Interviewers and Candidates: Best practices for virtual interviews

As much of the working world has gone virtual, so too have job interviews. Hiring managers and interview panels are connecting with candidates digitally, where the dynamics are different. Many of us recognise that our virtual conversations lose the spontaneity of face-to-face conversation, and reading or conveying reactions, emotions, or personality is challenging.

To prepare for virtual interviews, SRI Executive has a few recommendations:

Best practices for conducting a virtual interview

It will be important for interviewers to be extremely prepared with structured questions and conversations in place to ensure that you find out what you need to know about the candidates.

Given the current situation, most of the hiring team is likely working remotely. This makes it even more important to ensure that there is clear communication throughout the process about who is speaking to which candidate and when, what the process will be, and who is asking which questions to probe for certain skills or competencies.

Where the interview is held by a panel or selection committee, it will be important to know ahead of time who is chairing, and which role each panellist will take. Keeping the interview structured and smooth will play an important part in helping candidates feel at ease.

Consider that when interviewing virtually, candidates will miss out on the experience of walking through or touring your organisation’s offices. They may not get a sense of the culture, or what working there will be like. With some thought ahead of time, you can be prepared to convey what your company’s office, teams, culture and values are like.

Finally, in these difficult times, it will pay to be forgiving if your candidate does struggle with technology or is disrupted during the interview. Working digitally is a new reality for many of us.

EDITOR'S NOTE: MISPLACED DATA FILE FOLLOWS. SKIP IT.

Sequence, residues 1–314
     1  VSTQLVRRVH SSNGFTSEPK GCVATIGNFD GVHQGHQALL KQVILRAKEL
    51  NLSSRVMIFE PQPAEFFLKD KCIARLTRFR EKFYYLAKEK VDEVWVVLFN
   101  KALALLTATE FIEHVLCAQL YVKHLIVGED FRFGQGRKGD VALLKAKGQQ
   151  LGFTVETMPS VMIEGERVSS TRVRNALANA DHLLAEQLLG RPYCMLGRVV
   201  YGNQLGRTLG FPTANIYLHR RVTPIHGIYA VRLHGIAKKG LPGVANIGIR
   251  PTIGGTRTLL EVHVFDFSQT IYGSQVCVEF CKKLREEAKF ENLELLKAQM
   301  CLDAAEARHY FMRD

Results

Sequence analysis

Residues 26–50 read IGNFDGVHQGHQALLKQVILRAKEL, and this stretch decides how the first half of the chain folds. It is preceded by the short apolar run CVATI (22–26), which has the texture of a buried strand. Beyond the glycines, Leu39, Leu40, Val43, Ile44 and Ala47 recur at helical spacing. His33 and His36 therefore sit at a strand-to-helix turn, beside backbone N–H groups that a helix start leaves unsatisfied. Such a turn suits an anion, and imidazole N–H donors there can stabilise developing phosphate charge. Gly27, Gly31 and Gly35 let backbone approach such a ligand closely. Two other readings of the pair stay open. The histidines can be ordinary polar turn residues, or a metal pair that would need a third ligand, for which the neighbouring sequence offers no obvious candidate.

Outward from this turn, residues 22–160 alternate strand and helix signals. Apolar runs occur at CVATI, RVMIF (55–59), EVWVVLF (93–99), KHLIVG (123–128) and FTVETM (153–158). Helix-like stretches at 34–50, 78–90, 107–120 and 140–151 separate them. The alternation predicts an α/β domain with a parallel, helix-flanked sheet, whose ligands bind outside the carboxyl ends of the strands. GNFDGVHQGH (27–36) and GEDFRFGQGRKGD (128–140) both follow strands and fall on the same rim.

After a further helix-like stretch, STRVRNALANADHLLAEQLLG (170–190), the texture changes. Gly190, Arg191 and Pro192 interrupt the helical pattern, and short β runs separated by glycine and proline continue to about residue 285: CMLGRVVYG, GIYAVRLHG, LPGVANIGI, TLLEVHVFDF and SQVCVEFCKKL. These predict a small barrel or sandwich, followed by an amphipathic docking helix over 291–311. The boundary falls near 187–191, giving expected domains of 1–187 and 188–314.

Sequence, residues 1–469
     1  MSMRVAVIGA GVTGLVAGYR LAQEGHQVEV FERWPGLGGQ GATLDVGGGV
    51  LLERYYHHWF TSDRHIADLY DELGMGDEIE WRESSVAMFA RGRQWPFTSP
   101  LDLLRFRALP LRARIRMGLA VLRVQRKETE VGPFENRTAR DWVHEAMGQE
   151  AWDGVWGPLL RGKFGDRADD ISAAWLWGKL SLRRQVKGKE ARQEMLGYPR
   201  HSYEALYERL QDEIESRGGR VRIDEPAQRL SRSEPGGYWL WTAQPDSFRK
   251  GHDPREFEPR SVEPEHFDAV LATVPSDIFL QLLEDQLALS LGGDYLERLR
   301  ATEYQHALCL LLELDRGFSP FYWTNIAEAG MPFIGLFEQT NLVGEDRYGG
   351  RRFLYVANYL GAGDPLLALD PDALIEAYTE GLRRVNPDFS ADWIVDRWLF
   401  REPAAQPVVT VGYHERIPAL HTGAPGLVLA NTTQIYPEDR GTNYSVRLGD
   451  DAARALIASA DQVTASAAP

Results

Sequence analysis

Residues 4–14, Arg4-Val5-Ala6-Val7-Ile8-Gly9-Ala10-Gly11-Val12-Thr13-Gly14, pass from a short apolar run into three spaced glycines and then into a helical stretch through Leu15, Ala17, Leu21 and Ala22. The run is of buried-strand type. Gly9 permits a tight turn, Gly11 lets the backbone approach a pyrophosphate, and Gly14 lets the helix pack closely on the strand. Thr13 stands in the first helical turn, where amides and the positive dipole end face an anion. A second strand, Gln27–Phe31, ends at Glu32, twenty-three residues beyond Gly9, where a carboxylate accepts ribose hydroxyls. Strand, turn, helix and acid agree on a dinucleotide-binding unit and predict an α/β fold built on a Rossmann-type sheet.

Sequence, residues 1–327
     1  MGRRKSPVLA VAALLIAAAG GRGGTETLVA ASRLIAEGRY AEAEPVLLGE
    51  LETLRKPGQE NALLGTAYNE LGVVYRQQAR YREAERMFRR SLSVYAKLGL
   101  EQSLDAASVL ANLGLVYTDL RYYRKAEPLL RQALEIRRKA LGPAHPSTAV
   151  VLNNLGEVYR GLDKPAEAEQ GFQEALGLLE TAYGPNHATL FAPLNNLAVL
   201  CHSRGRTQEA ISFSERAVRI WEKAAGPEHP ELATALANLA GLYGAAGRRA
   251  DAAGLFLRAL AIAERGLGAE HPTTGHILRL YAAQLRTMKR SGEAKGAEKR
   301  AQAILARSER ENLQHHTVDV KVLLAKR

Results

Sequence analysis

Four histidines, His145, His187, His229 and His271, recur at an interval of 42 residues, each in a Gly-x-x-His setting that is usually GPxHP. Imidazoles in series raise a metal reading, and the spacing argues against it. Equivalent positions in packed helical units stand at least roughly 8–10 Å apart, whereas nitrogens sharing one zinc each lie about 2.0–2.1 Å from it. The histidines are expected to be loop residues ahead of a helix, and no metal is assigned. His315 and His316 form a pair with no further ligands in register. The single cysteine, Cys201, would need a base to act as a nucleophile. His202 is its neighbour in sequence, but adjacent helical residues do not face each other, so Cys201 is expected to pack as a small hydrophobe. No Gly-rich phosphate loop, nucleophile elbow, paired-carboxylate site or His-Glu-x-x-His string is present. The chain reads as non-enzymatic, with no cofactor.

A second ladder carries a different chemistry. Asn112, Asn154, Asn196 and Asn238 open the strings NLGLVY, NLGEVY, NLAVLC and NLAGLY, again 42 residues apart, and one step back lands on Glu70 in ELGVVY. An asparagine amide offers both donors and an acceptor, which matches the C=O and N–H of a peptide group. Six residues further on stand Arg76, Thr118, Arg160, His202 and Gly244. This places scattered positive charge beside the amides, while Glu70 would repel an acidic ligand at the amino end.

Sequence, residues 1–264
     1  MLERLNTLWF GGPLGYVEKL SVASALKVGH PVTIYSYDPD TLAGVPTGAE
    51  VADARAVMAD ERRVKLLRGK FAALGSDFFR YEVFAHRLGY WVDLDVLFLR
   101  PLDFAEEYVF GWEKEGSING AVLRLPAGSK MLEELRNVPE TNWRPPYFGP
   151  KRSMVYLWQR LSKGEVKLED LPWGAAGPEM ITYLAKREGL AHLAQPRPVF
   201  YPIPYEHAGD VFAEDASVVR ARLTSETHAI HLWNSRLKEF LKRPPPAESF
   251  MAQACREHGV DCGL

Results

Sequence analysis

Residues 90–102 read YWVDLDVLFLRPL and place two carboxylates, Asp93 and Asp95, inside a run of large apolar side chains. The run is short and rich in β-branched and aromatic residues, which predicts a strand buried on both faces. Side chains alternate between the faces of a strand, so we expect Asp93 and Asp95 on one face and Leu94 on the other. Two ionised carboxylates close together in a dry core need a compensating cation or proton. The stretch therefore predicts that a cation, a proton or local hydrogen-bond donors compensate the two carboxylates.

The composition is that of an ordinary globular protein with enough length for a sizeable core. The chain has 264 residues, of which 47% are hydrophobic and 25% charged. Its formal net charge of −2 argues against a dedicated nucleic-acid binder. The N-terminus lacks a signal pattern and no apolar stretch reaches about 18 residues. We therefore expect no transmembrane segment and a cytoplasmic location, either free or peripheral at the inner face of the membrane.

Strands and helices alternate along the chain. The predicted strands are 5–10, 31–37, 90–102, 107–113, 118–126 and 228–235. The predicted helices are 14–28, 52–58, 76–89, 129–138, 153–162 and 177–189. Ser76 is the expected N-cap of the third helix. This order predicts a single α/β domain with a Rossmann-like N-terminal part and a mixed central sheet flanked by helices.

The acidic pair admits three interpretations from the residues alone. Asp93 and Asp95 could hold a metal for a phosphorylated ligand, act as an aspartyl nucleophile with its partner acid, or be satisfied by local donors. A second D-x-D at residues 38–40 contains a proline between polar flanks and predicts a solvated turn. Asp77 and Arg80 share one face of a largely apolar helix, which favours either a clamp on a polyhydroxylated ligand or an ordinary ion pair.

Best practices as a virtual interviewee

The first step is to ensure that you find an environment where you’ll experience the smallest amount of noise or disruption, and make sure you have access to the tools and technology your interviewer will be using to connect with you. It is also recommended that you provide your interviewer with a phone number in case the technology fails, or get one from them.

It is important to prepare for a virtual interview just as you would for a physical interview, and even more so. If there are certain points and traits that you want to get across about yourself, consider how best to tell your story. If there will be time for questions, ensure you have them.

Being conscious of your body language may be easy to forget when you’re in a conversation virtually. However, it will still be important to sit up, make “eye contact” by looking into the camera when you speak, smile, and everything else you would do face-to-face. If it helps, you can stick a reminder to your screen.

Likewise, being understanding towards your interviewer for disruptions or technology glitches will serve you as we all adjust to connecting through screens.

 

Working from home for the first time? Read our advice on how to stay productive.